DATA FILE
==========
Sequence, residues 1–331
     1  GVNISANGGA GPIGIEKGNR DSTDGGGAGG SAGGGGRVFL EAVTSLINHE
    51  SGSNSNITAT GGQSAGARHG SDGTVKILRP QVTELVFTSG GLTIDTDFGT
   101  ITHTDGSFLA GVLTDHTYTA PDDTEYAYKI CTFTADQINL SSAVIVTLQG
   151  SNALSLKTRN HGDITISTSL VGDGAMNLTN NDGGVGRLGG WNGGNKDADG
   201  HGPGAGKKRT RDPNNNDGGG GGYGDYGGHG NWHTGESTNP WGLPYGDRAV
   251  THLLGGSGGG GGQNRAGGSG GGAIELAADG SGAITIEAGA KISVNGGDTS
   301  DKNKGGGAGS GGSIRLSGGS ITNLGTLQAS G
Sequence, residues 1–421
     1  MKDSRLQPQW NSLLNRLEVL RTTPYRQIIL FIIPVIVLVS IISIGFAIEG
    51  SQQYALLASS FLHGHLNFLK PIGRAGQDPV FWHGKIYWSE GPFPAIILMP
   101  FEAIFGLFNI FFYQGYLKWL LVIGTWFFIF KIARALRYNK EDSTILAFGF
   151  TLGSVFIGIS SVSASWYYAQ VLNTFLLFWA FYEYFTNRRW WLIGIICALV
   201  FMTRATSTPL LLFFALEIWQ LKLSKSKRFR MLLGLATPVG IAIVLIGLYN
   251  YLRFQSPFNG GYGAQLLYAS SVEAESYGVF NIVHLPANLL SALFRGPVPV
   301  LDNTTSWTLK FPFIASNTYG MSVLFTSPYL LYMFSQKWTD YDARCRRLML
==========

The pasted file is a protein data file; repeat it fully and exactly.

Sequence, residues 1–331
     1  GVNISANGGA GPIGIEKGNR DSTDGGGAGG SAGGGGRVFL EAVTSLINHE
    51  SGSNSNITAT GGQSAGARHG SDGTVKILRP QVTELVFTSG GLTIDTDFGT
   101  ITHTDGSFLA GVLTDHTYTA PDDTEYAYKI CTFTADQINL SSAVIVTLQG
   151  SNALSLKTRN HGDITISTSL VGDGAMNLTN NDGGVGRLGG WNGGNKDADG
   201  HGPGAGKKRT RDPNNNDGGG GGYGDYGGHG NWHTGESTNP WGLPYGDRAV
   251  THLLGGSGGG GGQNRAGGSG GGAIELAADG SGAITIEAGA KISVNGGDTS
   301  DKNKGGGAGS GGSIRLSGGS ITNLGTLQAS G
Sequence, residues 1–421
     1  MKDSRLQPQW NSLLNRLEVL RTTPYRQIIL FIIPVIVLVS IISIGFAIEG
    51  SQQYALLASS FLHGHLNFLK PIGRAGQDPV FWHGKIYWSE GPFPAIILMP
   101  FEAIFGLFNI FFYQGYLKWL LVIGTWFFIF KIARALRYNK EDSTILAFGF
   151  TLGSVFIGIS SVSASWYYAQ VLNTFLLFWA FYEYFTNRRW WLIGIICALV
   201  FMTRATSTPL LLFFALEIWQ LKLSKSKRFR MLLGLATPVG IAIVLIGLYN
   251  YLRFQSPFNG GYGAQLLYAS SVEAESYGVF NIVHLPANLL SALFRGPVPV
   301  LDNTTSWTLK FPFIASNTYG MSVLFTSPYL LYMFSQKWTD YDARCRRLML